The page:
A strange thing happened on the way to the biggest post-election surge in modern stock-market history. On Wednesday, while the S&P 500 was tacking on $600 billion of fresh value, most of its members fell.
How the index still managed to gain so much altitude is the story of the week and of the year: a reigning oligarchy of market behemoths, soaring past everything else.
As the big American equity benchmark on Wednesday rallied 2.2%, some 270 of its constituents were nursing losses. Some lost a lot. Three big financial firms slid more than 10%, while utilities tumbled to one of the worst days in three months. While a measure of equilibrium was restored Thursday, at the top, the leader board looked the same.
It’s a trend that will surprise no one who has been paying attention to markets in 2020: gains concentrating in companies that have circled like buzzards over virtually every rally of the pandemic age: the Faang bloc. Somehow, some way, even before the votes are counted, megacap technology is coming out on top. Again.
“It looks like we’re back with the winners of COVID are going to win,” said Kim Forrest, chief investment officer of Bokeh Capital Partners.
The S&P 500 surged 1.95% Thursday, bringing its two-day surge to 4.2%. The tech-heavy Nasdaq 100 again outperformed, adding 2.6% for a gain of 7.1% over the pair of days.
Investors are reverting to what works, a yearlong trend in which the very heft of companies like Apple Inc. and Microsoft Corp. schleps the whole market past a damaging pandemic and deep economic downturn. Cherished for their balance sheets, beloved by consumers for their online and automated products, the Fangs have been insulated from the coronavirus fallout. Total third-quarter profits for the group rose 2.6%, compared with an expected 11% drop for the rest of the S&P 500, data compiled by Bloomberg Intelligence show.
It’s true that they briefly fell out of favor in the weeks leading up to the election as investors calculated that Democratic control of Washington could spur spending and a jolt to flagging economic growth. Now those views are being frantically retooled. With stimulus less of a certainty, bets are being placed on havens against sputtering growth.
Other forces have coalesced in the Faangs’ favor. Overhanging concerns about higher tax rates and increased regulation from a Joe Biden administration have dwindled. With a potentially split Congress, many strategists are seeing this week’s rotation as a reflection of the removal of potentially higher capital gains taxes. Some may have sold out of tech, the thinking goes, to avoid paying those higher levies next year.
“Some investors may have been sidelined before the election to avoid a tax-sale stock drop, or perhaps to buy the dip,” wrote Chris Low, chief economist at FHN Financial. “Either way, the strategy is irrelevant now and they piled back in.”
With inflation-fueling stimulus in doubt, bond yields have also moved lower since the Nov. 3 vote. That’s a boon to tech stocks, too, as investors gravitate to high-growth assets with long duration cash flows. The Federal Reserve signaled Thursday that it will hold rates near zero for a long time still.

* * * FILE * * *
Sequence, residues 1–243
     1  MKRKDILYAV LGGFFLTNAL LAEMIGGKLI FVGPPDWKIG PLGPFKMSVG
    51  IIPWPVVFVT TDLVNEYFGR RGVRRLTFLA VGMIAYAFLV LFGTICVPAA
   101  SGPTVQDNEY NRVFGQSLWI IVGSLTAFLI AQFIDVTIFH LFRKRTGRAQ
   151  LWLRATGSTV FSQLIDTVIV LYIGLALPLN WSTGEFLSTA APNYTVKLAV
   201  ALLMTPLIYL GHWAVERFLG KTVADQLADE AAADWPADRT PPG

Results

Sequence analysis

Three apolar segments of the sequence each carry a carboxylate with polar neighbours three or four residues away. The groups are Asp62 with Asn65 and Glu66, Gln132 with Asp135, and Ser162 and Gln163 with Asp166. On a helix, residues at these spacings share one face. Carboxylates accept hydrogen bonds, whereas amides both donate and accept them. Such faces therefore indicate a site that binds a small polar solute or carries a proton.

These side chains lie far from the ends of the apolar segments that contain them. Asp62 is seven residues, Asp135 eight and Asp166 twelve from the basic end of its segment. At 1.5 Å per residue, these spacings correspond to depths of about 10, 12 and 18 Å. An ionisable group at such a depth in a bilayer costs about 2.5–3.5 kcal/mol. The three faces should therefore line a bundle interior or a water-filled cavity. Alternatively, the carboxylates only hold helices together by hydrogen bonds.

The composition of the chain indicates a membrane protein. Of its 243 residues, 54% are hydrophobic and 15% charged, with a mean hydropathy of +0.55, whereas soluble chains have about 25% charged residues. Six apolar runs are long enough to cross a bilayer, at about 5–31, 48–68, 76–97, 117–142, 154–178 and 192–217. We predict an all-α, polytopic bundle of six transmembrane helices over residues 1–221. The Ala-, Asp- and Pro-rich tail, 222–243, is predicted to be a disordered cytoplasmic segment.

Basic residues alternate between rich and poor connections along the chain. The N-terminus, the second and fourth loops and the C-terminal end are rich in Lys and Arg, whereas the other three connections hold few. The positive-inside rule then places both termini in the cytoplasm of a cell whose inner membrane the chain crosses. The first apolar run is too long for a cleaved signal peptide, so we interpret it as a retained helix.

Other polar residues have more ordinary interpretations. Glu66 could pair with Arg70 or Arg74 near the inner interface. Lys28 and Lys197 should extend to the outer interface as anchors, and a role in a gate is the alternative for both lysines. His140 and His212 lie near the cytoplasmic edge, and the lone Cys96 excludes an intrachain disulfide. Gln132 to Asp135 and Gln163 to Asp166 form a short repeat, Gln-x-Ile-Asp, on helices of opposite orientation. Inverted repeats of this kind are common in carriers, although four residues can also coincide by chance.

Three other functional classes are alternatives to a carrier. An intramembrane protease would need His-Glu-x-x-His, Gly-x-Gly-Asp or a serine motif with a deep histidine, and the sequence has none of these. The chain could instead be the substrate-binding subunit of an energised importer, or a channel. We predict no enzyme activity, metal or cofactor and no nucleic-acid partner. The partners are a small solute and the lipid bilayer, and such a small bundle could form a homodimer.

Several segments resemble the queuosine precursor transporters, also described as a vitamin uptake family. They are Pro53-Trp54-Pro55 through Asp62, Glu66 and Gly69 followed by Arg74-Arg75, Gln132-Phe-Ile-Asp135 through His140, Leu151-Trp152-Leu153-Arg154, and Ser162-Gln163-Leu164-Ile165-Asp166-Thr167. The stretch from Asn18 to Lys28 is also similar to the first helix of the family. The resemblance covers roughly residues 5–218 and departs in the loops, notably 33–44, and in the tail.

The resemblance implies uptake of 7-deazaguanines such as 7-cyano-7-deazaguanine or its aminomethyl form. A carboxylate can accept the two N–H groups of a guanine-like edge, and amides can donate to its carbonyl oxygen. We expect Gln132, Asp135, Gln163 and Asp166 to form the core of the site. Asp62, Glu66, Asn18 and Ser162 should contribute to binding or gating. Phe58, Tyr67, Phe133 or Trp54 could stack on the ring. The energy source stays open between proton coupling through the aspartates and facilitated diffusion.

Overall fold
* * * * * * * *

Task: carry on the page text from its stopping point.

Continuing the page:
“In a very low interest environment, you want to own companies that are growing. Those companies have put up the best growth, the best free cash flow on the market and, in my opinion, they’re going to keep growing,” said Gary Bradshaw, a portfolio manager at Hodges Capital Management in Dallas. “If you don’t have a government that’s going to be riding them and breaking them up and taxing them into oblivion or taxing shareholders that own them, megacap tech’s going to keep rolling.”
It was just last week that solid quarterly earnings reports from a majority of the Fang stocks failed to inspire share-price gains. An index that includes Facebook Inc., Amazon.com Inc., Netflix Inc., Microsoft, Alphabet Inc., Apple dropped 4% last week. The group is now up close to 10% in three days, the most in five years.
Victoria Fernandez, chief market strategist for Crossmark Global Investments, says their adverse post-earnings reactions were due to election uncertainty. Removal of that ambivalence paves the way for tech shares to resume their upward trend again.
“As we hopefully get past that over the next couple of days, we can see tech settle in and continue to have that climb higher,” she said in a phone interview. “It’s difficult to not have any tech in your portfolio.”
This week, the winner-take-all mentality in markets is back. On Wednesday, when the Nasdaq 100 surged more than 4%, both the small-cap Russell 2000 gauge and an equal-weight version of the S&P 500 barely budged. Using Russell 1000 indexes, value suffered its worst day versus growth since 2001. Relative to the S&P 500, it was the worst day for regional banks on record, including the financial crisis.
And in another showing of how lopsided Wednesday’s rally was, it was the first time in at least six decades that the S&P 500 jumped more than 2% as more volume flowed into declining securities than advancing ones on the New York Stock Exchange, according to SentimenTrader.
Meantime, exchange-traded fund investors rushed into Invesco’s QQQ -- which tracks the tech-concentrated gauge -- adding close to $2.7 billion in the biggest one-day inflow in nearly a month. The fund is on pace for its best year of inflows in two decades.
Still, not everyone is convinced the massive tech rally is substantiated. Max Gokhman, Pacific Life Fund Advisors’ head of asset allocation, still sees antitrust concerns over big technology firms persisting, no matter the final election outcome.
“The Nasdaq rally is I think a little over-enthusiastic,” he said by phone. “The Nasdaq rally is something I would be fading at this point.”
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